Centre for Policy Alternatives on 24 June, 2013

Sri Lanka and the culture of impunity: Recording of LSE event

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Sri Lanka and the culture of impunity: human rights challenges in a post-war and post-conflict environment

Thursday 20 June 2013
Speakers: Dr Paikiasothy Saravanamuttu; Asanga Welikala; Uvindu Kurukulasuriya
Chair: Professor Chetan Bhatt

Sri Lanka’s civil war, which spanned more than a quarter of a century, ended in 2009. With more than 100,000 war casualties and one million refugees, it represented one of Asia’s most violent, destructive and intractable conflicts. Four years since active military hostilities ended, there has been no progress towards constitutional and political reforms addressing the problems of pluralism and democracy that lay at the heart of the conflict, nor a legitimate process of truth and accountability for war-time abuses. Instead, Sri Lanka is steadily moving in the direction of becoming an authoritarian state, with the rule of law and governance under attack, the ascendance of majoritarian ethno-religious intolerance, and an overall decline in democratic and human rights standards. This event will explore the pervasive culture of impunity in Sri Lanka, both with regard to past abuses as well as post-war governance. The broader challenge of transition from a post-war to a post-conflict situation will be discussed in relation to ongoing efforts regarding peace and good governance.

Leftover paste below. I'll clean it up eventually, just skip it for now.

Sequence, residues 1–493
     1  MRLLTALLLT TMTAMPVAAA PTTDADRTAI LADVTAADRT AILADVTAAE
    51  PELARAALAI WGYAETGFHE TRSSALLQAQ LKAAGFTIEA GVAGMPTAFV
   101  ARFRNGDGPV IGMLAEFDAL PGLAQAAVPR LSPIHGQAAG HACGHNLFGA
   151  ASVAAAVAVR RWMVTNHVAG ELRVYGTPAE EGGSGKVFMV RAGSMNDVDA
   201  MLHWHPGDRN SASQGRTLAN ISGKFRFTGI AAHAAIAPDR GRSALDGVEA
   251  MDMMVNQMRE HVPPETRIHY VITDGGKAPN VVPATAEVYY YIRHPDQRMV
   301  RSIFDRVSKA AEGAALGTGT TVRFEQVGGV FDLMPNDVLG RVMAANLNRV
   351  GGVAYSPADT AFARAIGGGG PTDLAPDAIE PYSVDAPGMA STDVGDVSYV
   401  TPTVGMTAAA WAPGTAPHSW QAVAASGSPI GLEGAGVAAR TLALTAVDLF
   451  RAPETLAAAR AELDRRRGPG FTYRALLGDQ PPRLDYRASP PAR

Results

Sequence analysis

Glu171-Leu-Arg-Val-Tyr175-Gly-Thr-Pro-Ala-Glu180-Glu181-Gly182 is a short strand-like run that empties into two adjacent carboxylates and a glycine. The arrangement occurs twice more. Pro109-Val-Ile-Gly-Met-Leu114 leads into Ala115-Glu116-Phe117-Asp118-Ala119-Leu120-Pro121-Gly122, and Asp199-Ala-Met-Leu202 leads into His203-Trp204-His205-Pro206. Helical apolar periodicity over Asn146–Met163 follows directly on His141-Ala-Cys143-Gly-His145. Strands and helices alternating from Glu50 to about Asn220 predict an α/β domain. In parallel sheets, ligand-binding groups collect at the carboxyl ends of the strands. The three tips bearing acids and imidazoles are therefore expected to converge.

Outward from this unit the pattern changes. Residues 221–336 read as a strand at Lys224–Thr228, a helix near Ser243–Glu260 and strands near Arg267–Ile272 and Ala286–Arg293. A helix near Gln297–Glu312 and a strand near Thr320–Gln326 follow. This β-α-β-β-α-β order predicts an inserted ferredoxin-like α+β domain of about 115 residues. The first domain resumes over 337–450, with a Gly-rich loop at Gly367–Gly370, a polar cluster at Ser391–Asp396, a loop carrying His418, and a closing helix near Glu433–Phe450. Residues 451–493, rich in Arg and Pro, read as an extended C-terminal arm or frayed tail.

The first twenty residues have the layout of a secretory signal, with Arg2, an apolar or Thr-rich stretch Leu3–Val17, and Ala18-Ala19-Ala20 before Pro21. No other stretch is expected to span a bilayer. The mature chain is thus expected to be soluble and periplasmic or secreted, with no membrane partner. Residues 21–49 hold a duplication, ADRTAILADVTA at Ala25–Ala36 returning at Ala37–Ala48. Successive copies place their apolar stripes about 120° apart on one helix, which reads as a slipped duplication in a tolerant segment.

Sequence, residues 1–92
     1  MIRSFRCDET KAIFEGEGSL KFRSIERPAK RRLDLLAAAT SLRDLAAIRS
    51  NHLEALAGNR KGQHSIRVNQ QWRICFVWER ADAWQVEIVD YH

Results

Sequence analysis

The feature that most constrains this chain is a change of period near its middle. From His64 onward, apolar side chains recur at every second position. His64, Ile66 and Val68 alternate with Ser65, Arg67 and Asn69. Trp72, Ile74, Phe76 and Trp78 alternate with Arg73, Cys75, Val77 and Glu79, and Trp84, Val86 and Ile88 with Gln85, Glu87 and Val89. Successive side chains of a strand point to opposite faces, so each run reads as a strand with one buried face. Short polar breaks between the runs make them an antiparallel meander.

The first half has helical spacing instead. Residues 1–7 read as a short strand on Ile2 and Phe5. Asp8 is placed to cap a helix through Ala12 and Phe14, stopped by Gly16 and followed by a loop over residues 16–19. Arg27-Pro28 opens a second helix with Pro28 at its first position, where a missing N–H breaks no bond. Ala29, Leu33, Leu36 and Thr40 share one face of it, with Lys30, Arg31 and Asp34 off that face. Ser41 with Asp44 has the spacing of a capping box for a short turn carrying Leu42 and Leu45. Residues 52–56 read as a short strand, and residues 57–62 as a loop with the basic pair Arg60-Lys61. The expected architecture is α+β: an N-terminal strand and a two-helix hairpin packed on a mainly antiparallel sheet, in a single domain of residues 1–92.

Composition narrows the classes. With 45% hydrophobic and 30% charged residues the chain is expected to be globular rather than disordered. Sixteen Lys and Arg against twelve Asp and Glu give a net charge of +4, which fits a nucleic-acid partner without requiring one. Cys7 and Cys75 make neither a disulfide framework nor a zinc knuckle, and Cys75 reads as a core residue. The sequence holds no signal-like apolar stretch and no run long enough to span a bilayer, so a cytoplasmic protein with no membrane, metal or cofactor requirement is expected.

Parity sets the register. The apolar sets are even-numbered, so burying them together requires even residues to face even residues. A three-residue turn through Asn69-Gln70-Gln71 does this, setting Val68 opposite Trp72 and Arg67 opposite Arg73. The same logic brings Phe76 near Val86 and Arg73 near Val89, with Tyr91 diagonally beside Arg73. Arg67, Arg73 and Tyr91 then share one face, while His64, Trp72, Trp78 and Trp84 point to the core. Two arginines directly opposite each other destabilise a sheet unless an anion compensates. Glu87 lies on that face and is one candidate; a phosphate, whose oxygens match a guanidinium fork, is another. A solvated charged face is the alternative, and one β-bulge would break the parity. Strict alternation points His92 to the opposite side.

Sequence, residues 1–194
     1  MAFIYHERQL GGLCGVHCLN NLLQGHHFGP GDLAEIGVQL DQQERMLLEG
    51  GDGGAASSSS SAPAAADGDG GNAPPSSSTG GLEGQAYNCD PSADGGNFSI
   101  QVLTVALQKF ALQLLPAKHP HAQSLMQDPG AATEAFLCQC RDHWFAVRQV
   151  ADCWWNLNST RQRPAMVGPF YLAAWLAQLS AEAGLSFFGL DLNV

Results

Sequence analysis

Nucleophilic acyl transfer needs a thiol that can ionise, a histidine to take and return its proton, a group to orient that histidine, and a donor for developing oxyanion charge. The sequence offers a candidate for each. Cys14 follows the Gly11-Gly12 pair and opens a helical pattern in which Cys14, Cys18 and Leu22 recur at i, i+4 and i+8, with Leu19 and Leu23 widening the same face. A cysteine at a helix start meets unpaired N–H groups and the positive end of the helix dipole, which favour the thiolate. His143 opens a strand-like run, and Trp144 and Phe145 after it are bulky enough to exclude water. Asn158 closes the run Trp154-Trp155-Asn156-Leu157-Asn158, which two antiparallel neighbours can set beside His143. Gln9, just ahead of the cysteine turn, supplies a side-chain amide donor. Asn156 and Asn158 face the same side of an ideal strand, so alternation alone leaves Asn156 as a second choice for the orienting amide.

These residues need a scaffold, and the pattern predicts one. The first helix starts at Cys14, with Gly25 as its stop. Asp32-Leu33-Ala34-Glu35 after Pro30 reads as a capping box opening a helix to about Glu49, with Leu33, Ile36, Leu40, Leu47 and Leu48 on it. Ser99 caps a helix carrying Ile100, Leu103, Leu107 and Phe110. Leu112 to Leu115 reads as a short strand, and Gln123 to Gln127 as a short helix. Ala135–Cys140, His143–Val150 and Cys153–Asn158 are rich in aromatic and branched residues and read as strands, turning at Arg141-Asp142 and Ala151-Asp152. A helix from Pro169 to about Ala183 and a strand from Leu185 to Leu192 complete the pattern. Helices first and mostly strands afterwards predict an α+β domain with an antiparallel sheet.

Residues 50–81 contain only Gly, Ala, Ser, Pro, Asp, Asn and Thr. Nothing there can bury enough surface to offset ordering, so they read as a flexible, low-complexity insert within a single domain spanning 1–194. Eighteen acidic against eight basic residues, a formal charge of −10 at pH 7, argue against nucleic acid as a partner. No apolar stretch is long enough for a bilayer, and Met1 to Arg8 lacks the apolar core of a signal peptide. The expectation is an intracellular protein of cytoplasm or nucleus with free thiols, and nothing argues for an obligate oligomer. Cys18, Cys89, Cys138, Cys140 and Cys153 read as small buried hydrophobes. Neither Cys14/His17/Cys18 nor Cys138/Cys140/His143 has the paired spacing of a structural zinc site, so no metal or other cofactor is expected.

See LSE event page here. Download original MP3 from here, or listen to it below.